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The manufacturers of the computing hardware themselves are their own customers, and use supercomputing to approximatively solve a number of well-know and more obscure NP-hard tasks. One of the oldest and best-known is place-and-route, a short overview of electronic design automation reveals many more NP-hard tasks. Often the employed algorithms are true NP ...


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Wormald has shown that if $G$ is a connected $3$-regular graph with 2n vertices then the number of automorphisms of $G$ divides $3n\cdot 2^n$. In particular this gives a non-trivial exponential upper-bound for the $3$-regular case. Maybe there are results in this line for general $k$-regular graphs. For a lower bound, consider formula $F$ with $n$ inputs ...


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If you allow the graphs to be disconnected, then there are no good upper bounds, with respect to the number of vertices. For $r$-regular graphs take the disjoint union of $l$ complete graphs $K_{r+1}$. Then the graph has $(r+1)\cdot l$ vertices, and $(r+1)!\cdot l!$ automorphisms.


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The algorithm described by Frederickson and Johnson in 1982 considers that all sets have the same size. They also described in 1980 an optimal solution that takes advantage of the different sizes of the sorted sets. The complexity of this algorithm is within $O(k + \sum^k_{i=1}\log{n_i})$. Reference Greg N. Frederickson and Donald B. Johnson. 1980. ...


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There are variants of Berry-Esseen for bounded independence, although I have not seen one which is as general as the original theorem. For example Theorem 5.1. in Diakonikolas, Kane, Nelson implies a Berry-Esseen theorem for weighted sums of Bernoulli random variables with bounded independence, as long as none of the weights is too large. If you want error ...


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Consider the function $T: \mathbb N \rightarrow \mathbb N$, where $T(n)=n/2$ when $n$ is even and $T(n)=n+1$ when $n$ is odd. Then it is known that for any $n \in \mathbb N$, there exists a $k \in \mathbb N$ such that $T^{(k)}(n)=1$. If instead of $T(n)=n+1$ when $n$ is odd, we had defined $T(n)=3n+1$ when $n$ is odd, we would have the Collatz Conjecture, ...


1

Algebraic Geometry Algebraic Geometry by Robin Hartshorne. The book is, for me, challenging but covers a broad area of the field of algebraic geometry. I found this a good addition to the next book when learning about ellipc curve cryptography. Elliptic curves The Arithmetic of Elliptic Curves by Joseph H. Silverman. The book is a good introduction ...


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In many nonuniform models - Boolean circuits, algebraic circuits, decision trees, branching programs, etc. - computing exact complexity seems to be significantly harder than computing asymptotic complexity. While I maintain hope that your intuition is correct - that understanding exact complexity of small instances might lead to asymptotic insights - I know ...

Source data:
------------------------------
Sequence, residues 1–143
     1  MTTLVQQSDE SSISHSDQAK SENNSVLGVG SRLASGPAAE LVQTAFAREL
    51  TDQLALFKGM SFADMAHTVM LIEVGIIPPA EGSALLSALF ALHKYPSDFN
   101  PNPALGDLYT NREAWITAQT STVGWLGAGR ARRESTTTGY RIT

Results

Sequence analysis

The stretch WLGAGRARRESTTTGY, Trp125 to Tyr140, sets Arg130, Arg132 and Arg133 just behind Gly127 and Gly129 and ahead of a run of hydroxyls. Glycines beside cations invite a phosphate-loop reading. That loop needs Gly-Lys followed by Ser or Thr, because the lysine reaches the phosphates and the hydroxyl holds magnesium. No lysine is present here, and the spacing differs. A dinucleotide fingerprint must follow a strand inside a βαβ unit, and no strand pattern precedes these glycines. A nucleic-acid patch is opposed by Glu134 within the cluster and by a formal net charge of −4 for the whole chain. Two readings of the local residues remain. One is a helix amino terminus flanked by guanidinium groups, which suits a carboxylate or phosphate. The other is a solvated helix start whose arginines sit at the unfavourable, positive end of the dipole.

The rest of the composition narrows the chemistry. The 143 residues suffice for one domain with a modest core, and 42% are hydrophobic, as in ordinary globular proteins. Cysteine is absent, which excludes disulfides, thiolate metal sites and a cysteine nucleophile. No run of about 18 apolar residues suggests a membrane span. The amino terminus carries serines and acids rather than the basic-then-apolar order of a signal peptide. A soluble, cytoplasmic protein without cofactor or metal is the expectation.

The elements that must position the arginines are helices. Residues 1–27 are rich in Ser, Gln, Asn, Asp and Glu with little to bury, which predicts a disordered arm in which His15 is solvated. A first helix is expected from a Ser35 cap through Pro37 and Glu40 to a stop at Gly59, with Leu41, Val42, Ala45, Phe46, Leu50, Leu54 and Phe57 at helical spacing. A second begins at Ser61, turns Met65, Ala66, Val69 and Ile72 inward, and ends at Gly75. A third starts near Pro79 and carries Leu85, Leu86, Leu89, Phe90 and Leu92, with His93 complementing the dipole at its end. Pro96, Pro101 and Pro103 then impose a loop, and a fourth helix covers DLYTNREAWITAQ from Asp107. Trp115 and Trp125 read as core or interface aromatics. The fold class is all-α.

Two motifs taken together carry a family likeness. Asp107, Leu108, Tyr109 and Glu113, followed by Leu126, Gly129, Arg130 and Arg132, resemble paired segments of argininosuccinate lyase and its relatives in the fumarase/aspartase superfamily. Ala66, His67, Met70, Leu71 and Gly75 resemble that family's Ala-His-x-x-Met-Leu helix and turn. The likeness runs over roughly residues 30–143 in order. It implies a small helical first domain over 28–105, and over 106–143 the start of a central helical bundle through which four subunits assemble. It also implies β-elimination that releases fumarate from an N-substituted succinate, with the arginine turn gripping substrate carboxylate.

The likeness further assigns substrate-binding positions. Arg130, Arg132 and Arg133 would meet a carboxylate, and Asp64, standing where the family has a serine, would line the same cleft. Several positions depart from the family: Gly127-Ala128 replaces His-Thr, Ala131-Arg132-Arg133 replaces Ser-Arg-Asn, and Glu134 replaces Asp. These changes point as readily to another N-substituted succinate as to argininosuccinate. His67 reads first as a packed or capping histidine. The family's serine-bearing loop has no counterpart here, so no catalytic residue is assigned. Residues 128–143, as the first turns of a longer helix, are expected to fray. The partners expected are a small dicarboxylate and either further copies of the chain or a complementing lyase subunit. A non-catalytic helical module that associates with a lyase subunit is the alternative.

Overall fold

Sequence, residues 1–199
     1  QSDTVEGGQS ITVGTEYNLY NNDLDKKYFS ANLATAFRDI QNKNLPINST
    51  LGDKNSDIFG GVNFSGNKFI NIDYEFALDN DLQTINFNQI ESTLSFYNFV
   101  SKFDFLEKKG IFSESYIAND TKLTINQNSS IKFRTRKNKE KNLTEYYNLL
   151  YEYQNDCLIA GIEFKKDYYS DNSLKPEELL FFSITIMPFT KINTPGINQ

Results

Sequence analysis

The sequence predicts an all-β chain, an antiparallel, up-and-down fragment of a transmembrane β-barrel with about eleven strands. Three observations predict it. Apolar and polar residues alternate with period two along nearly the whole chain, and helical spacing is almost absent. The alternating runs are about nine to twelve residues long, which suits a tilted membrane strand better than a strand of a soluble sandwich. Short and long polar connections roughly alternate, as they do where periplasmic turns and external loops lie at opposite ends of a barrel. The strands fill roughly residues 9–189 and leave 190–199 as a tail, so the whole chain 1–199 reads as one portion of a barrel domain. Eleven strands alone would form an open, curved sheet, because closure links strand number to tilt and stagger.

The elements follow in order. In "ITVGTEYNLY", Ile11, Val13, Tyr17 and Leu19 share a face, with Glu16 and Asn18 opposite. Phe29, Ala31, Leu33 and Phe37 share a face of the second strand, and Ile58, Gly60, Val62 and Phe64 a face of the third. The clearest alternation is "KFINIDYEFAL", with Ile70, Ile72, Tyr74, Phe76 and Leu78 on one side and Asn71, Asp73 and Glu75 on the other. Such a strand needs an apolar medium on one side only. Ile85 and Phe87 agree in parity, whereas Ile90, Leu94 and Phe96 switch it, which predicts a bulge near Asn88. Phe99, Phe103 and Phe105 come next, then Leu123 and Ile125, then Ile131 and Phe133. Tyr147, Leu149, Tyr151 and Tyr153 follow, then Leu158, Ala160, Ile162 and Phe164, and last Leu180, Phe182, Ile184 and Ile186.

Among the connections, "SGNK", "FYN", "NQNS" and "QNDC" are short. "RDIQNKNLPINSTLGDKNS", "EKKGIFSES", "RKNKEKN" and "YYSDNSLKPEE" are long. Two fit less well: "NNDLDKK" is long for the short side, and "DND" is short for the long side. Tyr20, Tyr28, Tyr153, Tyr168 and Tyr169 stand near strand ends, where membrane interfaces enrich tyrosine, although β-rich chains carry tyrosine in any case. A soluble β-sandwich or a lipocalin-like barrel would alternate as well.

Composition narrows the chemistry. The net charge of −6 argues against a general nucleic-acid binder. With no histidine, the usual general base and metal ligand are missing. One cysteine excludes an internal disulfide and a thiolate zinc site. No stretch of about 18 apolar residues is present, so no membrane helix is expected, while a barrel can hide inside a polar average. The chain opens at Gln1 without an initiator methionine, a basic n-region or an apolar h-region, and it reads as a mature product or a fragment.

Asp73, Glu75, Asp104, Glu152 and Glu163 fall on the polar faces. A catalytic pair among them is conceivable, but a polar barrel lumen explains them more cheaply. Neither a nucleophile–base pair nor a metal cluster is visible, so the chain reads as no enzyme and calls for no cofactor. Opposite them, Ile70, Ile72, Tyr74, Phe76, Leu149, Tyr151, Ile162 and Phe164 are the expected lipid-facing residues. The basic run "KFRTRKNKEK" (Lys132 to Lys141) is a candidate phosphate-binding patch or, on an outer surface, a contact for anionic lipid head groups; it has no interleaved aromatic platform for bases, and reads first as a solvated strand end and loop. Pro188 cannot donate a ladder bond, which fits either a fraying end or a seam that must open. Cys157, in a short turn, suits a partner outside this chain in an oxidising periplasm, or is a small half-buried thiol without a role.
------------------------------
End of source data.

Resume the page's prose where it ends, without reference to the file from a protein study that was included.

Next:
7

Yes, this is a natural idea and people have thought about it. In short, the problem is that even the state-of-the-art SAT/QBF-solvers allow to find very small circuits only (with about 10–12 gates), not to say about proving that there is no small circuit. Some references: Ryan Williams, Applying practice to theory (2008): Our knowledge of ...


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The k=2 case comes up in parallel merge sort since the merging of two sorted arrays from different threads needs to be split up among two threads to maintain the same amount of parallelism. This homework solution is one reference.


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Combinatorial game theory plays a role in logic and computer science as in, for example, the Ehrenfeucht-fraïssé game, which is a logic game played on model-theoretic structures. At each turn, the first player chooses an element from one of the two structures, and the second has to chose an element from the other, trying to maintain a local isomorphisms ...


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My favorite resource for this subject is the book Sparsity by Jaroslav Nešetřil and Patrice Ossona de Mendez. It has quite a bit of material specifically about tree-depth, including algorithmic aspects. And for a more brief and quick introduction, there's always the Wikipedia article.


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SAT-solvers are another common class of heuristics. There are many and of course they take exponential time in the worst case. My suggestion is to explain to the reviewers that the problem is NP-complete and cannot be solved or approximated in less than exponential time if there are such results. That should suffice if your algorithm outperforms the best ...


3

While there are many heuristics (arguably all of them) that take exponential time in the worst-case, what usually makes them attractive (and marketable) is that they "appear" to perform much better in practice, and in fact it's hard to find examples where they are provably exponential. Two canonical examples are the simplex algorithm for linear programming ...


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As I understand your algorithm, whether or not the worst-case running time is exponential does not depend on the size of the search space. If the number of different possible solution values happened to be upper bounded by a polynomial in the input size, then the complexity of your heuristic would be polynomial, too. This is true for many canonical NP-hard ...



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